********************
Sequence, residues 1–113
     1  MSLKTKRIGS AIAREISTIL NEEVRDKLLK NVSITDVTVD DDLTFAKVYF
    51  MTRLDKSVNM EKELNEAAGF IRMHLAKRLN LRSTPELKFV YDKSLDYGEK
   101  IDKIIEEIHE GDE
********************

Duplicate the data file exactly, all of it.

Sequence, residues 1–113
     1  MSLKTKRIGS AIAREISTIL NEEVRDKLLK NVSITDVTVD DDLTFAKVYF
    51  MTRLDKSVNM EKELNEAAGF IRMHLAKRLN LRSTPELKFV YDKSLDYGEK
   101  IDKIIEEIHE GDE